CAG findings tabled in the State Assembly on Tuesday brought into light the poor condition of education during Nitish Kumar's eight-year rule. The report has also revealed the dearth of infrastructure, staff and uniforms and stationary for the students.
The report for 2012-13 tabled in Bihar assembly said 'test-check' of records of four district programme officers (DPOs) revealed that enrolment figure was more than the population of children in the age group of 6-14 years.
As per the CAG report figures provided by DPOs of Sitamarhi, Khagaria, Kishanganj and Gaya, 23.03 lakh children were enrolled in schools in the districts but the population of children in the four districts was 22.18 lakh revealing that the enrollment figure was inflated by around 85,000 in these districts.
Government inflated enrollment figure of students by around 85000, says CAG
According to data provided by Bihar education department, enrolment of children in schools in the state stood at 2.09 crore at the end of March 2013. This was 96 per cent of the total 2.18 crore children population here in the age group of six to 14 years. Such whopping figures are enough to raise suspicions that these numbers are misguiding and far away from reality.
Accountant General (AG) (Audit) for Bihar, PK Singh said the enrolment figures were inflated as compared to actual enrolment and did not present the correct status of enrolment in the test checked districts. Test checks in Kishanganj, Nawada, Rohtas and Saran districts found that against the admission of 3,691 children altogether 5,104 children were shown as enrolled in the attendance register.
According to the report, despite the SSA's declared goal to achieve universal elementary education, as many as 1,896 habitations had no school. The 206 new primary schools opened in the six districts failed to become functional in the absence of teachers.
State body's bizarre defence:
In a bizarre defence to hide its inability, Bihar Education Project Council (BEPC), which comes under the education department, told the auditors that the inflated figures were due to non-furnishing of data by many private schools.
When asked, state Education Minister Brishin Patel told sources, "The discrepancy in figures is because overage and underage children study in many schools and the CAG report has not considered their numbers. It mentions figures related only to children who are in the age group of 6-14 years. Besides, the CAG report has considered draft census data for comparison, as the final figures are yet to come. So it is not the final picture."
Highlighting the grim condition of infrastructure in the state, the report said 13 per cent of schools were still running without buildings. Some of these schools still function from beneath the tree. Despite availability of funds only 56 per cent of new buildings and 60 per cent of classrooms could be completed, the report pointed.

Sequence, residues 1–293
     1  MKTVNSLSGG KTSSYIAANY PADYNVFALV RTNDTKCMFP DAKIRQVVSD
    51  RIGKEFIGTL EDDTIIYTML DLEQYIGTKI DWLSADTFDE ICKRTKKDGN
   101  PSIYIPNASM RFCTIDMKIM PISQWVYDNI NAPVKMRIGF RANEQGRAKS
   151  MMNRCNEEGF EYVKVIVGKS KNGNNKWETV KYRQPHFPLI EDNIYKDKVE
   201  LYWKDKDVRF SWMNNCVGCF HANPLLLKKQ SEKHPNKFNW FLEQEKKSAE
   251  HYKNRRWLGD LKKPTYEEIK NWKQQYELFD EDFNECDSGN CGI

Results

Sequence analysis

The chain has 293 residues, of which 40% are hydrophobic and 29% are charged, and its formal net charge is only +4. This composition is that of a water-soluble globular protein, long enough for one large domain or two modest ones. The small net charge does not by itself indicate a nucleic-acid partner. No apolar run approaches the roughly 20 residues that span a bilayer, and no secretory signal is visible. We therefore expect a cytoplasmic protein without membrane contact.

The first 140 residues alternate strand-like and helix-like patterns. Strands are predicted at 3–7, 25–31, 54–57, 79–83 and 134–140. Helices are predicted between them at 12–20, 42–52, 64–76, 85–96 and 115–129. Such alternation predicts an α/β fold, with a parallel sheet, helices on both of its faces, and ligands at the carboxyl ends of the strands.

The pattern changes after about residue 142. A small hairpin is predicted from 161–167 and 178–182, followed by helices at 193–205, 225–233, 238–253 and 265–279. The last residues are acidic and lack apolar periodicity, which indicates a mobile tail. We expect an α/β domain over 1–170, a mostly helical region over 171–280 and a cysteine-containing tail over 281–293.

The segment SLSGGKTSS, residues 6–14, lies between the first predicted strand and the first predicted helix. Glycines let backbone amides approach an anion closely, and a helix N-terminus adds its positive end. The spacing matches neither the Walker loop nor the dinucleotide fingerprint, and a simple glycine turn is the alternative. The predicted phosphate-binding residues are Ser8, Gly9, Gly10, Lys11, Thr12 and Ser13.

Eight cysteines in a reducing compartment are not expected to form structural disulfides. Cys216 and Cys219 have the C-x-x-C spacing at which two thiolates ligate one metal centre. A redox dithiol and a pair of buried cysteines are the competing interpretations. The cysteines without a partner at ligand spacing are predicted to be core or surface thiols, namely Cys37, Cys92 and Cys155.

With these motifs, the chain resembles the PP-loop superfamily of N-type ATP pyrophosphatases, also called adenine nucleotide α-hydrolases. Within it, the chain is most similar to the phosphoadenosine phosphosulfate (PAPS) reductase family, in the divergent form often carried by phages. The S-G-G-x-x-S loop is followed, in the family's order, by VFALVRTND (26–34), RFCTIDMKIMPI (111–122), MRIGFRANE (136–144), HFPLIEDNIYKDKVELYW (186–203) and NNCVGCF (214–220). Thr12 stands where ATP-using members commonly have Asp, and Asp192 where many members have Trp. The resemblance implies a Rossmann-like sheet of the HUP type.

Revealing the former CM's carelessness towards the problems of the girl students the report claimed that 45 per cent school for girls lack basic amenities like toilets. Of the evaluated 996 schools, 559 institutions had toilet facilities. Similarly, 178 schools had no provisions of drinking water.
Uniforms for students:
Despite availability of funds, distribution of free uniforms during 2010-12 could not be done. Funds were either lying unspent with the Government agencies or had been distributed in cash in violation of the SSA norms.
Unavailability of staff:
The state has a dismal pupil-teacher ratio and teacher less institutions despite acute requirement of staff. The State Government could not fill the 43 per cent of teaching posts even as the pupil-teacher ratio dipped from 53:1 in 2008-09 to 59:1 in 2012-13.
Speaking on the report, State's Accountant General PK Singh said that SSA's implementation in Bihar was messed up due to which the State could not get the benefit of Central assistance for improving state of education.
Poor implementation of mid-day meal scheme:
Bihar has always failed at implementation of Centre-sponsored mid-day meal scheme. Reports of kids dying or getting ill after eating unhygienic mid-day meal in the schools were endemic during Nitish's time and are still prevalent. The memory of death of 23 students in state's Chhapra district last year after consuming poisonous food is still fresh.
Nitish Kumar paid the price:
The two most important tools for development of any state are education and health care but subsequent governments in Bihar neglected both these areas since independence. Hoping to give him a chance to provide clean and effective governance, voters brought Nitish Kumar to power in 2005 Assembly polls. But he failed to deliver and eventually paid the price by suffering a major rout in the recently concluded Lok Sabha polls. Nitish took the blame for his party's humiliating loss in the polls and stepped down from CM's post. This shows that the voters have lost their faith in him and the new CM should take lessons from it and start thinking about winning public faith to come back to power in next year's Assembly polls.